- Gratitude must ultimately come from within, but with good modelling, open dialogue, and by creating opportunities for kids to feel thankful, parents can help children teach children to be grateful.
- Gratitude does not come naturally to children; it’s important to remember that being grateful is a complex concept younger children might be unable to grasp.
- Here are the ways we are trying to instill a sense of gratitude in our children so they will better appreciate all the good in their lives, including by encouraging them to donate their toys.
Gratitude does not come naturally to most people.
In fact, according to a 2014 study conducted by Harvard’s Graduate School of Education, approximately four out of five children value personal achievement and success more than caring for others. The study’s authors concluded that “the root of this problem may be a rhetoric/reality gap, a gap between what parents and other adults say are their top priorities and the real messages they convey in their behaviour day to day.”
In other words, raising caring kids who are grateful for the good things in life comes down to the Golden Rule: do to others as you would do to yourself.
My wife and I strive to consistently model the type of behaviour we want our kids to display themselves in the hopes that our outward actions will reflect the emotions within.
We say please and thank you when simply handing each other objects in the kitchen, we ask each other questions, and we see how the other is feeling when in earshot of the kids even when we’re well caught up on each other’s day. Crucially, we also involve our kids in as many conversations and activities that provide opportunities for gratitude as possible.
Learning to be grateful
Our son is five, and our daughter is not yet one, so I don’t expect much in the way of gratitude from her. The key here is to not expect much from him yet, either.
As Washington Post contributor Meghan Leahy wrote in article from August 2017: “True gratitude can take years to develop. It requires deep empathy and an appreciation of others’ feelings.” And empathy is a highly evolved emotion that a child’s brain can’t fully grasp, both because of the lack of life experience and simply because of its level of development.
As gratitude is not innate in most children, it must be learned. Therefore, it must be taught. And a child is never too young to start learning to be grateful, so long as the caregivers use a light touch.
The first tangible way my wife and I are teaching the kids gratitude is by doing what we call our Thankfuls at dinner. Each night, we go around the dinner table with each family member who can talk sharing one thing for which they were thankful from that day. It’s a secular take on a prayer, and already we can tell it’s working: for the first week or so of our Thankfuls, it was always a parent who remembered to initiate the sharing session. Now our son is without fail the person who says: “Should we do our Thankfuls?”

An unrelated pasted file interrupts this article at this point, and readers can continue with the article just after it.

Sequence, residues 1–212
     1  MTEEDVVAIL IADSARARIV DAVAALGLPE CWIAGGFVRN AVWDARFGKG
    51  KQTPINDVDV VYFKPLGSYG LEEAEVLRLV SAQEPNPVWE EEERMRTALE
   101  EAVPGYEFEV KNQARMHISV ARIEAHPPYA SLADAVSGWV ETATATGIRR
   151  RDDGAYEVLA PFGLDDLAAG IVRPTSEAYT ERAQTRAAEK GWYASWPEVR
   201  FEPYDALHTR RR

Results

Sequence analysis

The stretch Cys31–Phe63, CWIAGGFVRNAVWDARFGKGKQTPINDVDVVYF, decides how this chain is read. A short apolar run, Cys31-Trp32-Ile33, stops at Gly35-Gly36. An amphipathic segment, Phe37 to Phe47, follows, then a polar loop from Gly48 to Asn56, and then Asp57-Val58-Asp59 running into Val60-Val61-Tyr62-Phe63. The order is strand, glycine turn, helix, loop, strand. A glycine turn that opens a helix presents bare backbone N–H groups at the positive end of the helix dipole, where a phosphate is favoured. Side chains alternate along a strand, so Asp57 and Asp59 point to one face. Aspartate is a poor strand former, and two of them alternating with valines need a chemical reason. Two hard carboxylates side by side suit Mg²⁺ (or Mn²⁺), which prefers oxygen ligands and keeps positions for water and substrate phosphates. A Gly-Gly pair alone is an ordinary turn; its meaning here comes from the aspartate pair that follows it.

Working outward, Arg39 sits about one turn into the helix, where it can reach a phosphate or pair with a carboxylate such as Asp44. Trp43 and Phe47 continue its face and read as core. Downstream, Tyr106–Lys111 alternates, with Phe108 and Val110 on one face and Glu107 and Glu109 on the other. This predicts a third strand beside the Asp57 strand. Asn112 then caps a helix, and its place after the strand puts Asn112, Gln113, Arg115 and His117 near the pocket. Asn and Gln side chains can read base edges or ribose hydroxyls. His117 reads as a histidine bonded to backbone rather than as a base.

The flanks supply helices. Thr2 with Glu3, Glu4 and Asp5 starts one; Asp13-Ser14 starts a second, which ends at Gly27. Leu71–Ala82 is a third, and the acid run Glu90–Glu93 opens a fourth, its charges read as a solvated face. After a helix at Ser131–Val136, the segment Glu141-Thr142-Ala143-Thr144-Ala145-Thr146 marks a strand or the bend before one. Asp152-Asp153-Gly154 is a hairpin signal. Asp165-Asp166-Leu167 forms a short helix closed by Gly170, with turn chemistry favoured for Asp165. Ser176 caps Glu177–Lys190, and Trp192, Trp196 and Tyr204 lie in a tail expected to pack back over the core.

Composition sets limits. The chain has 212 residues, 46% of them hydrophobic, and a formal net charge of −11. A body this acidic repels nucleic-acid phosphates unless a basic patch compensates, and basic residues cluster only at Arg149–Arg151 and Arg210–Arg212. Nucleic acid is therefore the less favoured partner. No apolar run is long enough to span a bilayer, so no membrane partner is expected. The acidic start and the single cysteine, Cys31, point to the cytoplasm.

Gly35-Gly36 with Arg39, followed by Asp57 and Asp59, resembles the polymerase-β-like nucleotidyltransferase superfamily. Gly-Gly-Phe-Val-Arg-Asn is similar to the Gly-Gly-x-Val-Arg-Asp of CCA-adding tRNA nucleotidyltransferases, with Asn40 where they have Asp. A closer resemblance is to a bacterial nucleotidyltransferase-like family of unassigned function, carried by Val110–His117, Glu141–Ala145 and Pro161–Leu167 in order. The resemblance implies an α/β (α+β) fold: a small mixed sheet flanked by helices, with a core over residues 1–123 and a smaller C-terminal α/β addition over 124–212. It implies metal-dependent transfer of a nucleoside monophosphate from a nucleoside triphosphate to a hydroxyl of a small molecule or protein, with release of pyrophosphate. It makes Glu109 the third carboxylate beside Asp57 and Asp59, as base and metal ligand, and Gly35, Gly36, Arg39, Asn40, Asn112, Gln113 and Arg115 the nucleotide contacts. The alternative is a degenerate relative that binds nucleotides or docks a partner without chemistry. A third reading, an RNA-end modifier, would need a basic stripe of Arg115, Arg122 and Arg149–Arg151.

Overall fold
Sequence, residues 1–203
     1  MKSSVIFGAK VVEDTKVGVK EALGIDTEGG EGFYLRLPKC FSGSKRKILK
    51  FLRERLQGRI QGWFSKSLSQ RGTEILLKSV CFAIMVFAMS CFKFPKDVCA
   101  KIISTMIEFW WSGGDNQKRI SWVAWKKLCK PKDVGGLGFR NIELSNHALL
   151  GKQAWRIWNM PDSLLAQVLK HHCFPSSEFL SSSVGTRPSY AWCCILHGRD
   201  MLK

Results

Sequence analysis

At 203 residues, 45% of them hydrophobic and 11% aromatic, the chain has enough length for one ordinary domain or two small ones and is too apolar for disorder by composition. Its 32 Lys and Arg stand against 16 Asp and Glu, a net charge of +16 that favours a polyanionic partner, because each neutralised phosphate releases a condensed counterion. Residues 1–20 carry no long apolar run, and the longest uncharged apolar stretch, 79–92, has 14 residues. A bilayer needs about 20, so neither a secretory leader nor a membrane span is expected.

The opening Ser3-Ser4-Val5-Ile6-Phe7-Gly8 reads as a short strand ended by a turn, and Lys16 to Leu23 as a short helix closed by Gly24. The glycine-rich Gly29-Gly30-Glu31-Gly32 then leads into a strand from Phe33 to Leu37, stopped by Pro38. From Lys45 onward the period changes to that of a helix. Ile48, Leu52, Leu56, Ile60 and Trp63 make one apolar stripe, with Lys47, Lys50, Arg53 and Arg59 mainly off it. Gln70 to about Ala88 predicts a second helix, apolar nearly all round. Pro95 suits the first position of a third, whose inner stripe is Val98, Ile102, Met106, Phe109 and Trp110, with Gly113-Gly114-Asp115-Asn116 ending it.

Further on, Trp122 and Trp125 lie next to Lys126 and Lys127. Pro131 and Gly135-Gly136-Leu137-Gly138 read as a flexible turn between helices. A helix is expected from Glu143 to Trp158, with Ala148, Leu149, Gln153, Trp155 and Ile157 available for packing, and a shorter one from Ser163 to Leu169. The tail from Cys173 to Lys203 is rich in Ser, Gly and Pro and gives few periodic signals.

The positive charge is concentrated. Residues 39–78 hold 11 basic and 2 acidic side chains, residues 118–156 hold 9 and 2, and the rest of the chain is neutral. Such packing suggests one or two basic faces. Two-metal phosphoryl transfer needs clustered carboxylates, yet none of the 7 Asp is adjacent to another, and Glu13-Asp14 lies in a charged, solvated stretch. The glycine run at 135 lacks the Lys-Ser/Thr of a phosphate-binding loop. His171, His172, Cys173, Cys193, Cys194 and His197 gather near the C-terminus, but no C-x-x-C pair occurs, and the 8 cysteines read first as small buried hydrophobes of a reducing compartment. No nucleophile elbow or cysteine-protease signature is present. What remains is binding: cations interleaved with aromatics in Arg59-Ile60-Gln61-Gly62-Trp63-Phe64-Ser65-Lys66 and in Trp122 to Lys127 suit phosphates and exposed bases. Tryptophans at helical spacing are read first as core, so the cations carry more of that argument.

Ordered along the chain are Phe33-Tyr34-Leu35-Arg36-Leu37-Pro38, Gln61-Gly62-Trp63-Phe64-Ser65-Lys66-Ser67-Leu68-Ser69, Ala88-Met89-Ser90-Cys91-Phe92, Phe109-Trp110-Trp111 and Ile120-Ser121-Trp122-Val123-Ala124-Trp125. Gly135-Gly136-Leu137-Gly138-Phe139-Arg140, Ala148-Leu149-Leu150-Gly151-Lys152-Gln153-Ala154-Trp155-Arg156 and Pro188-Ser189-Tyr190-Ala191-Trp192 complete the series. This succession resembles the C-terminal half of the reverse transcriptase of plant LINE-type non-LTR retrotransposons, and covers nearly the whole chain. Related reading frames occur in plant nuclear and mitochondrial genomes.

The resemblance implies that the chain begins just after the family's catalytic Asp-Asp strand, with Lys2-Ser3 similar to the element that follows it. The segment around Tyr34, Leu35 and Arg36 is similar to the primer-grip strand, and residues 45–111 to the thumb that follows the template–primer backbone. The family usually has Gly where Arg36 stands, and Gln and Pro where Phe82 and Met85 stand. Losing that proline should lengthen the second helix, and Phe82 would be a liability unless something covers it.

And even if he is thankful for beating a level in Super Mario Bros or for it being a sweet desert night instead of expressing appreciation for a warm, safe home, at least he’s expressing gratitude in some form every day.
Teaching gratitude for the holidays
The holiday season has presented several unique opportunities for my son to learn about gratitude.
I decided to get one of my wife’s gifts from the nonprofit World Vision, a charity that works to “empower people out of poverty.” A majority of the purchase price of the handmade silver cuff I chose for her will go to World Vision’s Where Most Needed Fund, helping provide people in need with clean water, warm clothing, health care support, and other essentials.
I involved my son in the process of shopping from World Vision, explaining how the money we spent would help other people and that by buying from this type of organisation instead of from a regular store, our money would do some small part to improve other people’s lives. Sure, I could have simply said: “Not everyone has safe water, a warm home, and toys to play with, so you should appreciate those things.” But by doing something concrete instead of simply talking about it, I’m confident he better understood the message. (We’ll deal with the fallacy of relative privation when he’s older.)
As Christmas approached, my wife and I asked our son if there were any toys he would like to donate so that other kids could enjoy them. We weren’t going to force him to give away a single marble if he didn’t want to, of course, but we explained that he had more than enough toys himself, while other children went largely without.
Then, with a light touch, we suggested a few toys that he had outgrown or simply never liked that much. He jumped on the opportunity to give several away, and we thanked him for his generosity. Was it a huge sacrifice on his part? No, but the spirit was there. And after boxing up the chosen giveaways, we talked about how fortunate our family was to have enough things that we could give others away.
A few days later, our son’s daily Advent calendar gift was a packet of coloured glue sticks for his glue gun (don’t worry, it’s a low temperature “cold” glue gun). He unwrapped them, realised what they were, and then hugged us both and thanked us as if we had given him a bar of gold. It was just a little gift, but he was genuinely grateful.
So maybe it’s working.
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